Demand for oil may have peaked last year, according to BP, which says the global market for crude might never recover from the coronavirus pandemic.
In a new report published on Monday, the company lays out three scenarios for energy demand, all of which forecast a decline in demand for oil over the next 30 years. The scale and pace of the decline will be driven by the increasing efficiency and electrification of road transportation, BP (BP) said.
In a “business-as-usual” scenario, in which government policies and social preferences evolve in the same way as in the recent past, oil demand picks up slightly following the coronavirus hit, but then plateaus around 2025 and starts to decline after 2030.
In two other scenarios, in which governments take more aggressive steps to curb carbon emissions and there are significant shifts in societal behavior, demand for oil never fully recovers from the decline caused by the pandemic. That would mean that oil demand peaked in 2019.
The new report is a major change from last year, when BP expected growth in oil demand to continue into the 2030s.
The shift reflects the profound effect that the pandemic, which brought travel and manufacturing to a near standstill, has had on global energy markets. Analysts think the crisis will accelerate the shift away from fossil fuels towards renewable forms of energy, particularly as governments and investors heap pressure on companies to tackle the climate crisis amid growing evidence of its devastating effects.
A second wave of coronavirus, which is causing some governments to tighten restrictions once again, also increases the likelihood that behavioral changes become permanent. For example, BP (BP) thinks that increased working from home may persist, weakening demand for travel.
A resurgence of the virus will also weigh on economic activity. The Organization of the Petroleum Exporting Countries (OPEC) said on Monday that world oil demand is expected to grow at a slower pace in 2021 than it thought a month ago. It also forecast an even steeper contraction in demand this year than previously predicted.
Secretary General Mohammad Barkindo told CNN Business’ John Defterios that that the global economy is recovering at a slower pace than OPEC had earlier projected. But the organization is still expecting demand to rise in the first half of 2021.
“We remain cautiously optimistic that the worst is over and that what we are facing is a recovery,” Barkindo said. “But the shape and form of that recovery is still of some contention.”
Investors demand climate action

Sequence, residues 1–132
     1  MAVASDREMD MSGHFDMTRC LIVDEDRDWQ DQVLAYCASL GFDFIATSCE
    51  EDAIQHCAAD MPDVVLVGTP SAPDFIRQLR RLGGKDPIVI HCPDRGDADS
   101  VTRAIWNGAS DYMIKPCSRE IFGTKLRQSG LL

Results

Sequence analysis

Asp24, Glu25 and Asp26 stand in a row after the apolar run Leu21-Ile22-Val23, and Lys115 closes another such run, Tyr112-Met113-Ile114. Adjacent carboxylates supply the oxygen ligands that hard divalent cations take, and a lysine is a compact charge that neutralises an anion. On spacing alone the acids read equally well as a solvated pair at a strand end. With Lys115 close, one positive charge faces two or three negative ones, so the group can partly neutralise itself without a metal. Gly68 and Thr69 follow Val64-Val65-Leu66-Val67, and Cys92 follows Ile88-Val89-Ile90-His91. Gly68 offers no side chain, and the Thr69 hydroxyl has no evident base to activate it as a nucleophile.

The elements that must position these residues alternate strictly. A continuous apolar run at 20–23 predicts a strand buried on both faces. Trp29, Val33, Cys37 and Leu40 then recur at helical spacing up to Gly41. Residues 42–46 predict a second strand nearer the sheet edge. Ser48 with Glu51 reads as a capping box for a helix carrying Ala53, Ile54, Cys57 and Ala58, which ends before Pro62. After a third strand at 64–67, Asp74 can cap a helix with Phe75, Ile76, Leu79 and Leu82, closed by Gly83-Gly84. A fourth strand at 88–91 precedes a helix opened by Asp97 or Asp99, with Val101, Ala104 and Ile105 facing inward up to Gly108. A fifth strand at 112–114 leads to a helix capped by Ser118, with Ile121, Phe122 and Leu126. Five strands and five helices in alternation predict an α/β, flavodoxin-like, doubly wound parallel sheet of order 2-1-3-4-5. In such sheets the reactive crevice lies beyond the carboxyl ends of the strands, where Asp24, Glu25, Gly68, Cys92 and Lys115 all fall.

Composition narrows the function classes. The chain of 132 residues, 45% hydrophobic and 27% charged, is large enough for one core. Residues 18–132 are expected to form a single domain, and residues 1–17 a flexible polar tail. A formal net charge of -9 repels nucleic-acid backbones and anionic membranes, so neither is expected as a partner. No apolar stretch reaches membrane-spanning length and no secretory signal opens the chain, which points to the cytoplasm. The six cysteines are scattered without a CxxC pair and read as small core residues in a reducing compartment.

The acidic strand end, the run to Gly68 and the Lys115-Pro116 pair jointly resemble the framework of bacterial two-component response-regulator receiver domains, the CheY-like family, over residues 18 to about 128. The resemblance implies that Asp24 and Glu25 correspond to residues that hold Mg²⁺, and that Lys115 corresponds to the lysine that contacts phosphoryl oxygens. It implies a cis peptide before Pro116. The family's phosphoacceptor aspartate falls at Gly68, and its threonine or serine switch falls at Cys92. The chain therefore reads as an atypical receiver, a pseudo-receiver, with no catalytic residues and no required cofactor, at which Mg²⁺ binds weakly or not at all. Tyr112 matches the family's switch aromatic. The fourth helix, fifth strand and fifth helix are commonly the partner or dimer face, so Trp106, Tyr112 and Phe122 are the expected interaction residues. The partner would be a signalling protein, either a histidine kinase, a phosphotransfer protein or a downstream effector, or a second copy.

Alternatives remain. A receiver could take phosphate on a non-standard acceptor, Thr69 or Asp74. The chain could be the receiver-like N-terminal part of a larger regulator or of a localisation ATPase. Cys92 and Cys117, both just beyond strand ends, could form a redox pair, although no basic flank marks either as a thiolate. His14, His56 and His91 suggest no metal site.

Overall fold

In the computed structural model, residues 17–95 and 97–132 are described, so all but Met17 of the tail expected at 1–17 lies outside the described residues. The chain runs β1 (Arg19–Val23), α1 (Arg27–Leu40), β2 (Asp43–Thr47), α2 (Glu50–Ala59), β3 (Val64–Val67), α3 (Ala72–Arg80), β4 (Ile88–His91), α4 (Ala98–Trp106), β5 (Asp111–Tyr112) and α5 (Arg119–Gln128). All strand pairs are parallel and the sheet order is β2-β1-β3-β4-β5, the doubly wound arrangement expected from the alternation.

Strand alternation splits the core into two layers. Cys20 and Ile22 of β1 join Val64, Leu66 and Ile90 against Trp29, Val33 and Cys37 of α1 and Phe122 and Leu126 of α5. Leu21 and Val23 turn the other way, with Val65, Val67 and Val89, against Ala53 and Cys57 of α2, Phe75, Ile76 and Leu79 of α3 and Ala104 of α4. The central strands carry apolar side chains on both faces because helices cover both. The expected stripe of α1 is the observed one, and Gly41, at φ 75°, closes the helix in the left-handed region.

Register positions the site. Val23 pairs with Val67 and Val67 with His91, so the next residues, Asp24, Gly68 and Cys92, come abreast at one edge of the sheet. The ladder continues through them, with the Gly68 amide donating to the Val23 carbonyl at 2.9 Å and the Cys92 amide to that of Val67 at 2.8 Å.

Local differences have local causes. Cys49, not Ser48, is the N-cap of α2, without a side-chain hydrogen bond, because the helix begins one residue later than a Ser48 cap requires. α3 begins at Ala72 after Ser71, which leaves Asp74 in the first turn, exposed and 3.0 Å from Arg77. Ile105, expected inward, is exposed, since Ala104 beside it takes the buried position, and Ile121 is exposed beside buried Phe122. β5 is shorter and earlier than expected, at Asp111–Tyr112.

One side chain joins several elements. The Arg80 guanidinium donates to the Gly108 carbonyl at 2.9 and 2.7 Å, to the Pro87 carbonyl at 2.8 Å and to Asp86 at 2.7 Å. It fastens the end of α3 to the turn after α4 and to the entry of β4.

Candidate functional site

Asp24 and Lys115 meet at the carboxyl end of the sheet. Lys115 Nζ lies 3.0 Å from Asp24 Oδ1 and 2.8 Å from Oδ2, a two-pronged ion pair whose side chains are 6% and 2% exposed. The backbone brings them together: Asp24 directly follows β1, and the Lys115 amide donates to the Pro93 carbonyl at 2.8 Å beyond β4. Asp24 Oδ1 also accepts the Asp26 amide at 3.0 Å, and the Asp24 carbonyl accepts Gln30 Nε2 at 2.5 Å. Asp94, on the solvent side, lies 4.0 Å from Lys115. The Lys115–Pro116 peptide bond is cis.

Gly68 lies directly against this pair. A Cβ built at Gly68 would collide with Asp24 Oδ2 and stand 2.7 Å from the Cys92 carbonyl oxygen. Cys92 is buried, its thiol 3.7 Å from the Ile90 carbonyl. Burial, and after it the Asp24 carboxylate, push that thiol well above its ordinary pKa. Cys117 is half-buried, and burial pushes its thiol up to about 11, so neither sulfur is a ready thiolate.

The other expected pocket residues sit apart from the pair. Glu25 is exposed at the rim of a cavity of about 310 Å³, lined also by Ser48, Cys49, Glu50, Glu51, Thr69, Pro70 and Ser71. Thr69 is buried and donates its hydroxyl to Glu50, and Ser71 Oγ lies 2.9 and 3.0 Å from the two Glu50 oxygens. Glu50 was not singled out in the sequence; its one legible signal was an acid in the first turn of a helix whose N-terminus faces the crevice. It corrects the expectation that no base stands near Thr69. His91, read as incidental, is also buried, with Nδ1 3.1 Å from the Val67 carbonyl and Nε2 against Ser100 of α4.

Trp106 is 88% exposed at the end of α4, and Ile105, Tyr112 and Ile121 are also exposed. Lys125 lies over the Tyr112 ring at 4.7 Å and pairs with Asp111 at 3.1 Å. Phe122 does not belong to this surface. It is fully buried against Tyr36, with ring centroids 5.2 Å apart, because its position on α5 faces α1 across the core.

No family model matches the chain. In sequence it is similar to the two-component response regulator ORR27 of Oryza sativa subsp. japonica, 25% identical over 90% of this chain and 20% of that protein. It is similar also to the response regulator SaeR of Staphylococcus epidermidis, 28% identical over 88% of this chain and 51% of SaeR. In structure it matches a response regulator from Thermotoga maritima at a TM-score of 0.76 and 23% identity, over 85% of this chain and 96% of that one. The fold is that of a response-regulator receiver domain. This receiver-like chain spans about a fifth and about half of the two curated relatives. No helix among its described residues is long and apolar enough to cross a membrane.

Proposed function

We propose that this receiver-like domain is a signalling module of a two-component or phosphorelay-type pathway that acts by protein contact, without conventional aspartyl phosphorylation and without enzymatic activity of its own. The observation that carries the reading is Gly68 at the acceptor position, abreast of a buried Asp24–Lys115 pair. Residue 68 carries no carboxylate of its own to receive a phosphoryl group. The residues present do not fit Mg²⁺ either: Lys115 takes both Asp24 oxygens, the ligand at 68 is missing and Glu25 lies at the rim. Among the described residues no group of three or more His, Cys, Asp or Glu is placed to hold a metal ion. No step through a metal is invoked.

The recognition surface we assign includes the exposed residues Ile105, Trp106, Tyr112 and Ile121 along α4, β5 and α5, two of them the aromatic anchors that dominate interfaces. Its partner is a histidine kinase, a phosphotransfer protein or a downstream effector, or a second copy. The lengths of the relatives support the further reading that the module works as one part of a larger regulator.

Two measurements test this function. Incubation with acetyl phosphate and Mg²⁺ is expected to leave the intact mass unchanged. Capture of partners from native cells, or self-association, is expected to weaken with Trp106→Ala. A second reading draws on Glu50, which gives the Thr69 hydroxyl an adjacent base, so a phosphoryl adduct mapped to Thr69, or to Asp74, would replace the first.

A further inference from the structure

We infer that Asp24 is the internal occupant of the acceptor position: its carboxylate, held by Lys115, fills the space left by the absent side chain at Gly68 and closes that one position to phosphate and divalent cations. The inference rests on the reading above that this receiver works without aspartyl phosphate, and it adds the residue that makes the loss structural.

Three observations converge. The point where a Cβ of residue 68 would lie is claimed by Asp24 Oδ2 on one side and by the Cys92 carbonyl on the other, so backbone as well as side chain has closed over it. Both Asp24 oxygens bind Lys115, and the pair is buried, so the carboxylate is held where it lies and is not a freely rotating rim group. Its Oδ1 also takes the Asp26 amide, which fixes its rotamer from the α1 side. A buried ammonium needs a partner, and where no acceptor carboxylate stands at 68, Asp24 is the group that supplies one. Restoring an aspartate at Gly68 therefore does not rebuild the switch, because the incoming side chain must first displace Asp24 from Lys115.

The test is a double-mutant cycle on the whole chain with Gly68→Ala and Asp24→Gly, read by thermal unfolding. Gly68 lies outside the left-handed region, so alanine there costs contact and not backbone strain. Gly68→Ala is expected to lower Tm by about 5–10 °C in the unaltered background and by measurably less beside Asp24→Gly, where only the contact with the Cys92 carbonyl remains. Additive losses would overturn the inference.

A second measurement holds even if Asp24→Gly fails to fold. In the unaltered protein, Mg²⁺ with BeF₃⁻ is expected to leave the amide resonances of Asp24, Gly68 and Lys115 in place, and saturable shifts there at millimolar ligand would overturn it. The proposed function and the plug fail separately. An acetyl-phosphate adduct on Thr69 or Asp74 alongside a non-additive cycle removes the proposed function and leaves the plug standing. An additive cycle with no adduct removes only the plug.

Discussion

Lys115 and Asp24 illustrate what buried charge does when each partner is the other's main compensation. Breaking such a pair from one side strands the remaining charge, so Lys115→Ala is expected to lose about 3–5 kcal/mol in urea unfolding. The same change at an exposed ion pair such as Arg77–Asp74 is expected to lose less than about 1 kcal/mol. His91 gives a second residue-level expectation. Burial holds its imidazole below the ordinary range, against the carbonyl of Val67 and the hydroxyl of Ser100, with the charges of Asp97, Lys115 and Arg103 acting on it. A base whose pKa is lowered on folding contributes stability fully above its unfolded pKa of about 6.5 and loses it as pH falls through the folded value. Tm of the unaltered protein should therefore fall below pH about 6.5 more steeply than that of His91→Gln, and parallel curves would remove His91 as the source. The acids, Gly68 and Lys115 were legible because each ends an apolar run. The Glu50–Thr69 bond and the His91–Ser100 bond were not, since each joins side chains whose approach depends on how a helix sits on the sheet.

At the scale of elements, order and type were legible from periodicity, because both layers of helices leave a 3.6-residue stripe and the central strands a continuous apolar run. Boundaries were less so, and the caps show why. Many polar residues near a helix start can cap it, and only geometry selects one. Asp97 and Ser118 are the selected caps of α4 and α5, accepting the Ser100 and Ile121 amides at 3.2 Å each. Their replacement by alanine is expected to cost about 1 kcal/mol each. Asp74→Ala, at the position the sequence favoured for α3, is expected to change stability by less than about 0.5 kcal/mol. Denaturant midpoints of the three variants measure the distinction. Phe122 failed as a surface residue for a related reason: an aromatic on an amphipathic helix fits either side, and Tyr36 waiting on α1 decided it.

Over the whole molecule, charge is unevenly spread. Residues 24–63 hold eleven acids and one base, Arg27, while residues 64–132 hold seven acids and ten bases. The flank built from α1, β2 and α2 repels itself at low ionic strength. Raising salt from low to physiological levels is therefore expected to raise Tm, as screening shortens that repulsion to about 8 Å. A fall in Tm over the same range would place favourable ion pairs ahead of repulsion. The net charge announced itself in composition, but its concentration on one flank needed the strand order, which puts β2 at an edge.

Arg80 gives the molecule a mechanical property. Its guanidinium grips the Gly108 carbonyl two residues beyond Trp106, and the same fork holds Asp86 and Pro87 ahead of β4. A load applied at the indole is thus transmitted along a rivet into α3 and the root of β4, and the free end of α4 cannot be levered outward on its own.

BP is less bullish, which is why it is trying to pivot away from oil after a century of exploration. This week the company will provide investors with more detail on its new strategy, which involves a 10-fold increase in annual low carbon investments to $5 billion by 2030, when it expects its oil and gas production to have fallen by 40% from 2019 levels.
”As difficult steps go, BP’s pirouette from traditional oil company to green energy giant ranks among the more challenging,” Susannah Streeter, a senior investment and markets analyst at Hargreaves Lansdown said in a note to clients.
“The company still produces 2.6 million barrels of oil a day, and making an abrupt heel-turn away from its core business towards renewables could see investors used to steady returns, leaving their seats and heading for the exit,” she added.
These firms, together with 157 others deemed the world’s worst polluters, were sent a letter on Monday from a group representing investors with more than $47 trillion in assets, calling on them to put in place strategies to achieve net zero emissions by 2050 or sooner.
Climate Action 100+ said the companies are collectively responsible for up to 80% of global industrial greenhouse gas emissions. The group said it will publish a report evaluating the progress made by companies next year in order to inform investment strategies.
“The benchmark will ensure it’s clear which companies are acting on climate change as a business-critical issue,” Stephanie Pfeifer, CEO of the London-based Institutional Investors Group on Climate Change said in a statement. “Investors will be paying particular attention to those shown to be falling short,” she added.
— John Defterios contributed reporting.